I chose to clean up the mess Ian had made while under compulsion. The potion was all of the floor, and I didn’t want the floor to be weakened or grow strange things on it, so I cleaned up what I could and kept a cloth on places that were far too wet to even try to clean up.

I then helped Ian (who was still unconscious) into a seat until he decided to wake up. Once he was settled, I went back over to the table with my potion and set it down carefully. This was our only shot at making everything right again; we could not afford to lose it. I needed somewhere safer to put it, somewhere where people like Ian wouldn’t even bother to look. Then, I thought better than to hide it.

Why not make it invisible?

With the thought in mind, I got out my Latin book and looked up what I had to say to do just that. It was a simple Latin word, very similar to the actual word, in fact, as it was “invisibilia”. I practiced it a few times, the first couple of times not working, but on my third try, I managed to turn a leaf invisible. I reached out, grabbing where I knew it had been and it regained its original color.

I grinned.

“Invisibilia,” I ordered while pointing and moving my hand at the potion. It did as I asked, becoming invisible instantaneously. I couldn’t help the child within me; I turned nearly everything that was in front of me invisible, and then just simply touched it to bring it back.

I played like this for a while, having far too much fun to stop.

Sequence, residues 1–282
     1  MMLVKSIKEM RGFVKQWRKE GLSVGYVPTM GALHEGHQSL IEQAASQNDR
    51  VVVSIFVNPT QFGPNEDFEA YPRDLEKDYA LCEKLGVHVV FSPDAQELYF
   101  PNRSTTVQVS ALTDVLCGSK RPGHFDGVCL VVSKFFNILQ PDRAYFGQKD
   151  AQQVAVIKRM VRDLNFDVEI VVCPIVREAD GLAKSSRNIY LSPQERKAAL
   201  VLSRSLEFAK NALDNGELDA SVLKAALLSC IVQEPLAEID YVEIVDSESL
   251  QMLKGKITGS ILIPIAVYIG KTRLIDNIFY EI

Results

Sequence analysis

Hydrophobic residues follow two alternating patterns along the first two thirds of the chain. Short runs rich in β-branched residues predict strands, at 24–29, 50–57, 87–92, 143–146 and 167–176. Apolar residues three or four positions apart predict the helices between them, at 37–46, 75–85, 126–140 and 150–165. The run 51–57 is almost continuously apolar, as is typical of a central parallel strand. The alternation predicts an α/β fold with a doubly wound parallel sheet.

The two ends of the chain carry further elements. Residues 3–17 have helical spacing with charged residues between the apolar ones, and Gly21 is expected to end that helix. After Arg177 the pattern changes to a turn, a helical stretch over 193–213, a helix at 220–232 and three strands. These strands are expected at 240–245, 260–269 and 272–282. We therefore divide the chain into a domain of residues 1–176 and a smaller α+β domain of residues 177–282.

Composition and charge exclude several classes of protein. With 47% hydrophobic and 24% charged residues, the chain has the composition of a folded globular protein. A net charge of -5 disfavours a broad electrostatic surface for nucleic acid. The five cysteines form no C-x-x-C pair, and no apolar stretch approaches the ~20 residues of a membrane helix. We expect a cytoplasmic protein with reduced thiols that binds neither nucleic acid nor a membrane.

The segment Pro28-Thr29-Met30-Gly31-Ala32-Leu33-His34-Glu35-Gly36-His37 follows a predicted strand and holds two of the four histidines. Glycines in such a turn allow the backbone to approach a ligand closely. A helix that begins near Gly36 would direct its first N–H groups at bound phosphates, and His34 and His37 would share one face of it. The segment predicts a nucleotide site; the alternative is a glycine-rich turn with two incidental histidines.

It was until the door opened and Cain shouted, “Cerise!” that I noticed Ian had gotten up after being unconscious for an hour or more. He should’ve been cured, but whoever had compelled him, was very powerful.

Ian, without hesitation, got a knife from his pocket and ran towards me. I froze in my spot. I had never used magic like this on a human before, and my mind had gone blank. The only fresh spell in my mind was the invisible spell, and that clearly wouldn’t be of any use in this particular situation. I couldn’t protect myself.

Cain took the liberty to do it for me, however. Right before Ian could stab me in the neck (which seemed to be where he was aiming for), Cain unsheathed the sword at his belt and buried the blade in Ian’s stomach. Ian gasped, blood immediately forming at his mouth. He looked into Cain’s eyes, his own eyes no longer hazy with the compulsion.

Cain’s jaw tightened as he stared down at Ian. “I’m sorry, my friend,” Cain whispered to him. Cain carefully retracted the sword from Ian’s abdomen, letting Ian fall to the ground at his feet in a mess of blood.

Ian’s parting words, the final words Cain would ever hear his close friend say, were “Thank you.”

Then, he stopped coughing. He stopped moving. His eyes were wide open, but there was no light on. I stared at the lifeless body in front of me before glancing over at Cain, wide eyed. Cain paid no attention to me, instead focusing on cleaning off his sword and sheathing it once more.

“Cain?” I asked carefully, stepping over Ian’s lifeless body and reaching out to touch Cain, to comfort him somehow.

Cain turned away from me, storming out of his house and slamming the door behind him.

I knew that he wasn’t mad at me. He would’ve yelled it me if he was. Based on the expression on his face and the look in his eyes, he blamed no one but himself for Ian’s death. In truth, Ian’s death could only be blamed on Marquise Trill - the one who had compelled him to do such awful things. Cain shouldn’t be burdened with the guilt.

I knew that Cain needed some space, so I gave him just that. I didn’t go back to practicing magic. That would feel wrong. Instead, I cleaned up the blood from the floor and wrapped up Ian’s wound. Already, Ian had grown cold, his skin becoming ashen. The smell of blood was all over the cabin, but I ignored it.

Ian deserved a proper funeral.